Alternative Scenarios. The IMF’s G-20 Model is combined with a detailed sectoral-based analysis to estimate the impact of two alternative scenarios: (1) a second COVID-19 outbreak in early 2021, and (2) a faster recovery from the lockdown measures implemented in the first half of 2020. These scenarios, which are summarized below, are presented in deviations from the June 2020 World Economic Outlook (WEO) Update projections (the baseline). While the baseline does not rule out a possible resurgence in cases in some countries, the first scenario assumes instead that a second major global outbreak takes place early in 2021. The disruptions to domestic economic activity in each country in 2021—resulting from measures taken to contain this second outbreak—are assumed to be roughly one-half the size of what is already in the baseline for 2020.
The halving of the impact reflects the assumption that containment measures will be less disruptive to firms and households because the share of vulnerable individuals will likely be lower and the measures will become better targeted at vulnerable groups, building on the experience gained regarding the effectiveness of measures that have been tried to date. As a result of the second outbreak, there is assumed to be additional tightening in financial conditions in 2021, relative to the baseline. The additional tightening is about one-half of the increase in sovereign and corporate spreads seen since the beginning of the pandemic, with advanced economies facing, on average, relatively limited tightening, especially in sovereign premiums, and emerging markets facing larger increases in spreads on both sovereign and corporate debt.
Despite the policy response, the outbreak is assumed to cause further longer-lived damage to the supply side of economies (scarring) starting in 2022, as increased bankruptcies lead to capital destruction, temporary slowing in productivity growth, and a temporary increase in trend unemployment. The additional scarring is assumed to be about one-half the size of what is already in the baseline, with emerging markets experiencing greater, longer-lived damage than advanced economies, given the more limited policy space to support incomes in those countries. The baseline projection assumes a gradual recovery in activity starting in the second half of 2020.
In the second scenario, it is assumed that the recovery is faster than expected, as greater confidence in efficient post-lockdown measures (social distancing and more effective testing, tracing, and isolation practices) lead to effective containment and less precautionary behavior by households and firms once the lockdowns are lifted. As a result of the faster recovery, financial conditions become more accommodative; for simplicity, the loosening of financial conditions starts in 2021. It is also assumed that the discretionary fiscal measures already included in the baseline are maintained in their entirety; that is, there is no partial rollback in response to the improved outlook. However, automatic stabilizers would imply less fiscal support overall as they respond endogenously to a faster dissipation of excess supply. The faster recovery also implies there is 50 percent less supply-side scarring than in the baseline starting in 2021.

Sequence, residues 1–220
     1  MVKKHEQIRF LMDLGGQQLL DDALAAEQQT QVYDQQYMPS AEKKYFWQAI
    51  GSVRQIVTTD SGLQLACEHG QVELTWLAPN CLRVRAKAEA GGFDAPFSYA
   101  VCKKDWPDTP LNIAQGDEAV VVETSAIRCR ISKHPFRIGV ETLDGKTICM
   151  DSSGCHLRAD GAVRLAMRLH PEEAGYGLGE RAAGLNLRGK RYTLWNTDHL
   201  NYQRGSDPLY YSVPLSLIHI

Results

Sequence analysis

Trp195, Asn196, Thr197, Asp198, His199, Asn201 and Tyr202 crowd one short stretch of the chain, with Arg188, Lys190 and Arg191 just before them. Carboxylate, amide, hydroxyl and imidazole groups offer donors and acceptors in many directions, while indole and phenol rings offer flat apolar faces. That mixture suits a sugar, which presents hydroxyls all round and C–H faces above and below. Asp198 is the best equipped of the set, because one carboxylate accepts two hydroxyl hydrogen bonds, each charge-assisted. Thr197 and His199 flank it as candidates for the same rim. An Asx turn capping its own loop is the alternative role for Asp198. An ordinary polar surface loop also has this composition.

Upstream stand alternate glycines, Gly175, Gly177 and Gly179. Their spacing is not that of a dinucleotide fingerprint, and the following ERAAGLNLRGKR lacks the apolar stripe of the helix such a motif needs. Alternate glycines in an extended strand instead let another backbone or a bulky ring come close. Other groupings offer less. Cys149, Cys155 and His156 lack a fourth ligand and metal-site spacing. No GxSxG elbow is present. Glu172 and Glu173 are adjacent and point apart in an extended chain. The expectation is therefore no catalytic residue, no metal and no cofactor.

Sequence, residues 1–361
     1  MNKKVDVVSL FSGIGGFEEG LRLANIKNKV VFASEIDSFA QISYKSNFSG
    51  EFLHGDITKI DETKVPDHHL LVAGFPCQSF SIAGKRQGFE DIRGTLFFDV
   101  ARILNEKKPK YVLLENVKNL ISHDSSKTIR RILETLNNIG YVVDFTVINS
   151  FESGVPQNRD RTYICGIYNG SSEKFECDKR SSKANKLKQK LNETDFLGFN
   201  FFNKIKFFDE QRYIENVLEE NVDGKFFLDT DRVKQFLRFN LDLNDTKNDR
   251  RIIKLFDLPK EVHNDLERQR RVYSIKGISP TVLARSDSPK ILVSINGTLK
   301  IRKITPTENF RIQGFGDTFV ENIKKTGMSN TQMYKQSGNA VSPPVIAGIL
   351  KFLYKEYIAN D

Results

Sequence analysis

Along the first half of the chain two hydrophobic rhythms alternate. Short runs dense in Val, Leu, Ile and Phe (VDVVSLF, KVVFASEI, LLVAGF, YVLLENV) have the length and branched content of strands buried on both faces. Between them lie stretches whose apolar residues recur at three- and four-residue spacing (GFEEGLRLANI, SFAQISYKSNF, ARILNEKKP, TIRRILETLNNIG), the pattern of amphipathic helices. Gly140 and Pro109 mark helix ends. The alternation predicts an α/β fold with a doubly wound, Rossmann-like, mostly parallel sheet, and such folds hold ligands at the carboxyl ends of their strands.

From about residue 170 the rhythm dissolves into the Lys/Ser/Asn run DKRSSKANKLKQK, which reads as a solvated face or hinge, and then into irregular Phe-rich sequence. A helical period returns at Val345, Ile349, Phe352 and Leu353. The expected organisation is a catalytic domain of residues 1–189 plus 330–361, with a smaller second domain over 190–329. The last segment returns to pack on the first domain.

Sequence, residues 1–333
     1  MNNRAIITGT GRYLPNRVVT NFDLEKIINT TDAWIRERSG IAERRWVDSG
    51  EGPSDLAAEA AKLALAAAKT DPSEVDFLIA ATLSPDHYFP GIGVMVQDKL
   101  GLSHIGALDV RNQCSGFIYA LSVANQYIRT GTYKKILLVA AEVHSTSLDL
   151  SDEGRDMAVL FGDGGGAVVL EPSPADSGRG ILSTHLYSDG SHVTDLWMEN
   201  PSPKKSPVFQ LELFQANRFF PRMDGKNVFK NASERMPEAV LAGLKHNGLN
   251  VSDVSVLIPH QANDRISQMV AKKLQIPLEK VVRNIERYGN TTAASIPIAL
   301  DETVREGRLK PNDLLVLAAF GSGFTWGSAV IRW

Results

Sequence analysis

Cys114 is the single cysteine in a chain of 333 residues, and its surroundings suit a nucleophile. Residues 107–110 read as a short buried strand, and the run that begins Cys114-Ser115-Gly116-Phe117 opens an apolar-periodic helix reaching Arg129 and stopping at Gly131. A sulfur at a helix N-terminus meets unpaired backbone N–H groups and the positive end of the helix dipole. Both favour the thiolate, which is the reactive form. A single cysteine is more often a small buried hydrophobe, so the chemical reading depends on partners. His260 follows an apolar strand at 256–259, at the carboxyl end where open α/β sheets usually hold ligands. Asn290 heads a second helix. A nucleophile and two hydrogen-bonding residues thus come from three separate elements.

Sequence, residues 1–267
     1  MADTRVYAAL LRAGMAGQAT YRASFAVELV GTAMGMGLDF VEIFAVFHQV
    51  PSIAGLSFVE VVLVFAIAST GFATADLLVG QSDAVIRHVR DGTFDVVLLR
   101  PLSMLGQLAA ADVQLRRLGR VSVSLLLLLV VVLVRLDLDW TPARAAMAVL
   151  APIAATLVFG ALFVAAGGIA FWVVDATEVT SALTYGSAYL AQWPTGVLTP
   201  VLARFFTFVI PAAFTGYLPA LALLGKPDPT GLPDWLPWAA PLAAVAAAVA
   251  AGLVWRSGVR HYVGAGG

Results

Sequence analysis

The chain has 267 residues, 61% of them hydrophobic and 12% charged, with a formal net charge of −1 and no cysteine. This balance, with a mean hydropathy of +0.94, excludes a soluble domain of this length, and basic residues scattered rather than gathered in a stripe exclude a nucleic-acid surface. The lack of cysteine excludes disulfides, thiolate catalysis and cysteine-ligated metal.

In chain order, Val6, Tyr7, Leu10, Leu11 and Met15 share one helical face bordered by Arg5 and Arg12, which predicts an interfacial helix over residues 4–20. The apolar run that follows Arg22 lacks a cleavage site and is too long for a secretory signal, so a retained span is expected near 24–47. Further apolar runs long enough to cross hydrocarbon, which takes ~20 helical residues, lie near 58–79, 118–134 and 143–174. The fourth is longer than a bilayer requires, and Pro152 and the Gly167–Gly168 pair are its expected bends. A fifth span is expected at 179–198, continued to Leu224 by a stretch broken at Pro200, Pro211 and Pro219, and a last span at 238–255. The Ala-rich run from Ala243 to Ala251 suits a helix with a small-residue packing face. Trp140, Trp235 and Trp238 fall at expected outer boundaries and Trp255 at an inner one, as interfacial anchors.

Results. As in the scenarios presented in the April 2020 WEO, the decrease in activity is broadly similar for advanced and emerging market economies in the short term (2021): on one hand, advanced economies have a relatively larger share of services and are thus more directly exposed to social-distancing measures; on the other hand, tighter financial conditions and more limited fiscal responses in emerging markets amplify the impact in those economies. The hit to activity in 2021 is only partially corrected in 2022, with global output below the baseline, partly due to the additional supply-side scarring.
Under the alternative scenario, in which efficient post-lockdown measures in the second half of 2020 better contain the virus and generate greater confidence and a more rapid return to normal, global output improves relative to the baseline by about one-half percent in 2020. The recovery picks up steam in 2021, with global output above baseline, and with the relative loosening of financial conditions and the reduced scarring both contributing to the faster recovery. It is important to stress the considerable uncertainty surrounding these scenarios, especially Scenario 1.
The second outbreak could take place in the fall, in which case the negative impact on activity in 2020 would be even larger than in the current baseline. In addition, while the quantitative implications of current containment measures remain to be fully ascertained, the impact of a hypothetical second round is even more uncertain. Finally, a second outbreak could lead to a more severe tightening of financial conditions than assumed here, with the overall macroeconomic effect possibly amplified by nonlinearities stemming from greater scarring and financial pressures, especially in emerging markets.